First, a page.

BOOK REVIEW: Love and War by John & Stasi Eldredge

I have read a lot of marriage books and this one was quite different. While I thoroughly enjoyed Willard F. Harley’s practical steps to a better marriage in Fall In Love Stay In Love and John Gottman’s critical analysis in The Marriage Clinic, John & Stasi Eldredge took me on a journey through the lessons they learned in their marriage and through the experiences of others. This wisdom is invaluable and the teachings of Titus 2 came to mind.
Eldredge & Eldredge did not say that “marriage is blissful if you just follow these steps,” but rather they laid it out in all its difficult and magnificent glory. It’s torrential and possible of great pain, but if used as God’s tool, it can forge you into the person and couple he wants you to be.
As they tell it, marriage is a love story written within the confines of a war for the souls of mankind. I love this depiction of it because, as a Christian, this view of my relationships on this earth and how they relate to the hereafter give me an intense focus, spiritually. I see the scriptural lessons on the home in a new and deeper fashion. Also, the authors’ style and tone of writing press upon me the gravity of my job as husband and father.
What didn’t I like about the book? First, I had a difficult time relating to their spiritual struggles in the last two chapters. I don’t want to be too critical because we are all different and my feelings on the matter are quite personal. I just disagree with some things as I don’t see spirituality in totally the same way that they do. Second, this book may or may not work for you. The Harley book I mentioned earlier is good because it can help people change their behavior; a necessity in many failing marriages. If your heart isn’t open, this book may do you little to no good.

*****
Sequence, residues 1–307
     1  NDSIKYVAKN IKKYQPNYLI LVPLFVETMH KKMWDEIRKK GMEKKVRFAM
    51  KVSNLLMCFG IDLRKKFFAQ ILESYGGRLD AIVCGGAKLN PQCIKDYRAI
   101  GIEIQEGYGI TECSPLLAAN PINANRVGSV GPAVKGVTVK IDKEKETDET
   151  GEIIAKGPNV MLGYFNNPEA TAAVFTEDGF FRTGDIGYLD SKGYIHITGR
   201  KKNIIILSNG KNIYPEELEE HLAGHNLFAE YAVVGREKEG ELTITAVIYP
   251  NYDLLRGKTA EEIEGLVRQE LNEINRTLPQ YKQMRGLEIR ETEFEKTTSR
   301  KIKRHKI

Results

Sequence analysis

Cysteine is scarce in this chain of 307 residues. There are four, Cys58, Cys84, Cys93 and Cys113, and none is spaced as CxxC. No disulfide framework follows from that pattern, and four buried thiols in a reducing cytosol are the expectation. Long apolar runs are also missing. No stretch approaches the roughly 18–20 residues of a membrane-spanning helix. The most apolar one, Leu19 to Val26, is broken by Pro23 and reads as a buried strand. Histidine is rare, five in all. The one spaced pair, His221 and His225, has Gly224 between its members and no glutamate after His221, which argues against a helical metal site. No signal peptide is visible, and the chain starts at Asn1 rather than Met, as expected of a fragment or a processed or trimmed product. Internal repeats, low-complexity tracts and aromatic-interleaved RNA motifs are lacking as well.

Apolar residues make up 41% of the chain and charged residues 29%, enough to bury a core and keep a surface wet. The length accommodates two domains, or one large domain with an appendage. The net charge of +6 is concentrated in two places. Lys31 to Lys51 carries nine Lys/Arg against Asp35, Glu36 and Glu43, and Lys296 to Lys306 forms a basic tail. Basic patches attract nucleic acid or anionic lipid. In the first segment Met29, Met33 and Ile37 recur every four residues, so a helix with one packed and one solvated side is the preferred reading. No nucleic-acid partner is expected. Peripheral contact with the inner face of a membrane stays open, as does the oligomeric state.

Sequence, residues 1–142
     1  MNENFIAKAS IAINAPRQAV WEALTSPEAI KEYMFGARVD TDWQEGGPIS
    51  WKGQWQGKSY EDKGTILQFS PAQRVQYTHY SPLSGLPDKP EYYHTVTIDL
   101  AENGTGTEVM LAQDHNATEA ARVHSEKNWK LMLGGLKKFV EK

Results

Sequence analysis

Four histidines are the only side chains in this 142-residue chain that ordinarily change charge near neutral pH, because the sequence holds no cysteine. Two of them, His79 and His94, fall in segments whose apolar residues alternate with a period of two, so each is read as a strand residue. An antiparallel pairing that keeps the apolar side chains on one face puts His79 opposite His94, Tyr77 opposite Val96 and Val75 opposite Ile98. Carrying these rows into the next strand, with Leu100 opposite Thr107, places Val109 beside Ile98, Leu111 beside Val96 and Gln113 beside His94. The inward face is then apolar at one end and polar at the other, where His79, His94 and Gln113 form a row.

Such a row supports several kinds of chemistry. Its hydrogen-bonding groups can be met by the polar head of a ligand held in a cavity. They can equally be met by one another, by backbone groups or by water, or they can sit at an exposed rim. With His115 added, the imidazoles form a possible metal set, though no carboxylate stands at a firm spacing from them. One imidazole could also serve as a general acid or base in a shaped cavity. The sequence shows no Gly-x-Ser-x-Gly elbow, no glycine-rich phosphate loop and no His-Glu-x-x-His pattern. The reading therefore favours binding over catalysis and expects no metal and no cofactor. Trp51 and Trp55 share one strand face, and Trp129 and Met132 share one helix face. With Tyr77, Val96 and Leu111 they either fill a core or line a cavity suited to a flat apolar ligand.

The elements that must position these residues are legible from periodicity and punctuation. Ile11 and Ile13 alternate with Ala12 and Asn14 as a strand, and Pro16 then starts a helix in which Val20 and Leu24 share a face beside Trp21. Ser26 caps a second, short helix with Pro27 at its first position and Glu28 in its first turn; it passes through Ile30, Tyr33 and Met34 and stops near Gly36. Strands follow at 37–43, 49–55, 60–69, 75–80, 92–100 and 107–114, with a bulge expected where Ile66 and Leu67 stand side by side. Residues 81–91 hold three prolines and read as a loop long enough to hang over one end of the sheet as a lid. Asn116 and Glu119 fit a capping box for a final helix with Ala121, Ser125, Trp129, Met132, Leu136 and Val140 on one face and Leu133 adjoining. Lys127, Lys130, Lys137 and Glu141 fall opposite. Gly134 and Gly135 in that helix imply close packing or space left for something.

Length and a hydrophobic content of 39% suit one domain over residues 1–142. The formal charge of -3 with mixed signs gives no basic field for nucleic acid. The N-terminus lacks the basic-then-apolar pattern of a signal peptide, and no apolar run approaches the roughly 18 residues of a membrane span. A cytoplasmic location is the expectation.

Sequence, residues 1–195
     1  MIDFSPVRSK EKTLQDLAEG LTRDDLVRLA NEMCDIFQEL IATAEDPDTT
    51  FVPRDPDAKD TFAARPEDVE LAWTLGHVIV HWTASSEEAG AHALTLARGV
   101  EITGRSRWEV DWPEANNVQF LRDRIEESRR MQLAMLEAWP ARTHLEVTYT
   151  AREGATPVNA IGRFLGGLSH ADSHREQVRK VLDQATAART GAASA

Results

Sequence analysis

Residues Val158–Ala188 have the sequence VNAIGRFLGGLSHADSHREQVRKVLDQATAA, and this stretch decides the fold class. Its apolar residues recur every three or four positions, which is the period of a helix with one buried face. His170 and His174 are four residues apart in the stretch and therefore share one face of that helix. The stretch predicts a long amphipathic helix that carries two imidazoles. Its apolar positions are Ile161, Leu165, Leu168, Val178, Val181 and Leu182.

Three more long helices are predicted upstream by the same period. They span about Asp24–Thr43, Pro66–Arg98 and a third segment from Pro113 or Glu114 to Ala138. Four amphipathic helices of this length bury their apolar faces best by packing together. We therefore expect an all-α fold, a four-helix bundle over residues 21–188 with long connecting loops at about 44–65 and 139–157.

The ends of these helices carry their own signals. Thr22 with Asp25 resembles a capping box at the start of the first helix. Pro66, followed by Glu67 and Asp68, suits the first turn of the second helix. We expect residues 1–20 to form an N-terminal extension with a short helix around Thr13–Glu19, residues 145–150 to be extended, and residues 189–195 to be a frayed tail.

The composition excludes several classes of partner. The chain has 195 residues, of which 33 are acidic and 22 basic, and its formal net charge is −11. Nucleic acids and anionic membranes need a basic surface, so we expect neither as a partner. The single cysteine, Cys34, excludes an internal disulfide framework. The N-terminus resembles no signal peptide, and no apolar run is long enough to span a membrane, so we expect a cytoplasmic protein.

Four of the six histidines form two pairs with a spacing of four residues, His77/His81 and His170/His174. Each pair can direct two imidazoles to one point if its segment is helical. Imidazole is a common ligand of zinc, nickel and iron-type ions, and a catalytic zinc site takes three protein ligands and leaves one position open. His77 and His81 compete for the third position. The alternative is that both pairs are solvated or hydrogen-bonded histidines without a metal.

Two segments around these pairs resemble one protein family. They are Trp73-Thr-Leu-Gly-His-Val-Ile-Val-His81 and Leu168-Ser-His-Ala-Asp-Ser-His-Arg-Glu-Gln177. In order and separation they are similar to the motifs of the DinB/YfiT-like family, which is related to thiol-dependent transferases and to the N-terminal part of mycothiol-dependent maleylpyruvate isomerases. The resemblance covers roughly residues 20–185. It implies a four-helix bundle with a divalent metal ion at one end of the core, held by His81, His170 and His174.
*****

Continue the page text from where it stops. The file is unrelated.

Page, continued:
Third, you may not like the book if you disagree with their positions on manhood and womanhood. While I think it’s their strongest characteristic, many would disagree. Several reviewers speak of John & Stasi’s stereotypical view of these positions in the home, but stereotypes come from truth. I think they even admit at one point that not everyone sees it the same way they do. Although, I think the struggles they speak of are universal as they speak to the root of marital discord. So, even if it doesn’t look exactly like you, there are gems of thought that can bring healing to your marriage. Finally, I also don’t agree theologically with their prayer to receive Jesus Christ as your savior (page 212). While it is important to speak words like this and give your heart to Jesus, it takes more than this to become a Christian.

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1 Response

  1. Trent Wheeler June 24, 2010 / 1:10 pm

    Thanks for the great review. I will try to give you a call later today. I will have to get a copy of this soon.
    Trent Wheeler

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